Maranello, Italy — Surrounded by heavy agricultural areas of crops and grape vineyards in northern central Italy sits an industrial complex that locals call Cittadella Ferrari.
Some of the most exotic cars in history have been produced by hand here since 1947. While the entrance is modest, the nearly 500,000-square-foot campus (excluding a new Formula 1 facility, test track and other racing facilities located nearby) is the home, or "little town," of Ferrari.
To describe the complex as a production plant doesn't do it justice. It is a little slice of exotic performance-car heaven for the 16,000 or so lucky Ferrari owners, company partners and sponsors, and others who get to visit the facility each year.
"When you see this plant, you think you've seen all the Ferraris because all the Ferraris are made here," Stefano Lai, Ferrari senior vice president of communications, said Friday in his office overlooking the complex. "Ferrari is like wine, you cannot build the Ferrari if you move the plant to another place."
The complex is unlike any factory in Detroit. The complexity, cleanliness and heritage makes it a unique place to visit and work for its roughly 3,000 employees, including 700 people in racing. The workers all wear matching Ferrari-red uniforms with the Italian flag and Ferrari crest on their chest.
And the facilities themselves — from a 1970s-era engine assembly building to the all-new racing division facility completed earlier this year — appear clean as surgical suites, with natural light coming in all building. Plants and trees in grow in buildings and on private patios.
"It's really really nice," said Daniela Levoni, a Ferrari spokeswoman, standing on a private garden on the second floor of an assembly plant, one of a dozen or so structures on Ferrari's main campus. "It doesn't look like a factory."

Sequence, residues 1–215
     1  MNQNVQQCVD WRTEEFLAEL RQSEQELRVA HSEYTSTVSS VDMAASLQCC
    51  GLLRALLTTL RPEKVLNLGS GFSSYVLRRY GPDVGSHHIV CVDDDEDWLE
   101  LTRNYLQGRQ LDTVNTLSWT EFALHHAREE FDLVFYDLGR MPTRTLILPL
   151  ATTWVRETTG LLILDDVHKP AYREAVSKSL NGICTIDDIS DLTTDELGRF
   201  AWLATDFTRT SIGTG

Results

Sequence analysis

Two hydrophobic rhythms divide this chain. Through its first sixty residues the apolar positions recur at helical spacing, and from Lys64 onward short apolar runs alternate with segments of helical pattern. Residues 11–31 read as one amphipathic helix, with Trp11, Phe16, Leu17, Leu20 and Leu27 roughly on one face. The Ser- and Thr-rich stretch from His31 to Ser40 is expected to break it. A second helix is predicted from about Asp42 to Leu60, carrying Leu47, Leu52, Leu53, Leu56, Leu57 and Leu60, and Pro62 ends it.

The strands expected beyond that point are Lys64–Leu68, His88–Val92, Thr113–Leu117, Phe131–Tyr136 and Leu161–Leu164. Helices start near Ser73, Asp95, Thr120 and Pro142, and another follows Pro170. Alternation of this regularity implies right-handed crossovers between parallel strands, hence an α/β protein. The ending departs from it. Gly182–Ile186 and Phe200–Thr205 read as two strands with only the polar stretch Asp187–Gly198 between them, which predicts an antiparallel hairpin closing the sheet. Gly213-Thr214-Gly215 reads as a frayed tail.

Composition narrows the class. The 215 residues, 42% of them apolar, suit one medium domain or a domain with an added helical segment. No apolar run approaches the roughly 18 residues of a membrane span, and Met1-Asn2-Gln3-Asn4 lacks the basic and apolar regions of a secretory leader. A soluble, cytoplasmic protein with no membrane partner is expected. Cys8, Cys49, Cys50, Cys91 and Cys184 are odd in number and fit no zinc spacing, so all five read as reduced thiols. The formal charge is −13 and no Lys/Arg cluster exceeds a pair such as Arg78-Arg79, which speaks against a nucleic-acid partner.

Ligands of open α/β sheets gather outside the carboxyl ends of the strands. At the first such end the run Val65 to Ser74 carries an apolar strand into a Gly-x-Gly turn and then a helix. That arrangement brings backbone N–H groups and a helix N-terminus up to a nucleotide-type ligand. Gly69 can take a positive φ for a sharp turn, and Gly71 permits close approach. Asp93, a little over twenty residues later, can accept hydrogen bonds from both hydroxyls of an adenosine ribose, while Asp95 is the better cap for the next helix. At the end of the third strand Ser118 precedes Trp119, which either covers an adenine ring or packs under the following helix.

The greenery, spotless conditions, rotating work stations and high-end cafeteria are all part of Ferrari's plan to keep those who work for the famed Italian racing brand motivated.
Ferrari isn't just about exotic street cars and Formula 1 race cars, which the company sells for millions to customers after the cars are retired from racing. Near Cittadella Ferrari there are Ferrari-themed restaurants, including Ristorante Cavallino that Enzo Ferrari once owned. There's an official Ferrari store and Ferrari-red spotlights and Ferrari-red sidewalks.
"Everything goes around Ferrari," Levoni said. "Everything is related to Ferrari."
A Ferrari museum nearby houses dozens of special cars mostly on loan from owners; it attracts roughly 300,000 people annually. A priest in Maranello, a city of 17,000 people, rings the church bells when Ferrari wins a Grand Prix.
The automaker has a full line of clothing and accessories, and even bikes, all sporting the Ferrari horse.
Ferrari company, will see historic change later this year with an expected initial public offering announced by Fiat Chrysler CEO and Ferrari chairman Sergio Marchionne in October.
Turning Ferrari into its own company is an effort to keep the brand "pure" and help raise capital for Fiat Chrysler, which currently owns 90 percent of Ferrari. Piero Lardi Ferrari, a son of company founder Enzo Ferrari, owns the other 10 percent.
"I think we are doing the right thing by giving Ferrari a proper, unique place in the capital markets to be evaluated and valued as a luxury automaker," Marchionne said in a conference call after announcing the spinoff. "This was an act of purification on our side."
Ferrari limits production to about 7,000 a year to retain exclusivity. Quoting brokers last year, Marchionne said Ferrari is valued between 3.3 billion euros ($3.75 billion) and 5.4 billion ($6.13 billion).
After Ferrari spins off from Fiat Chrysler, Lai doesn't expect much change at Cittadella Ferrari.
"We are very much a company focused on product," he said. "As long as we keep doing products we love and are passionate (it will be fine)."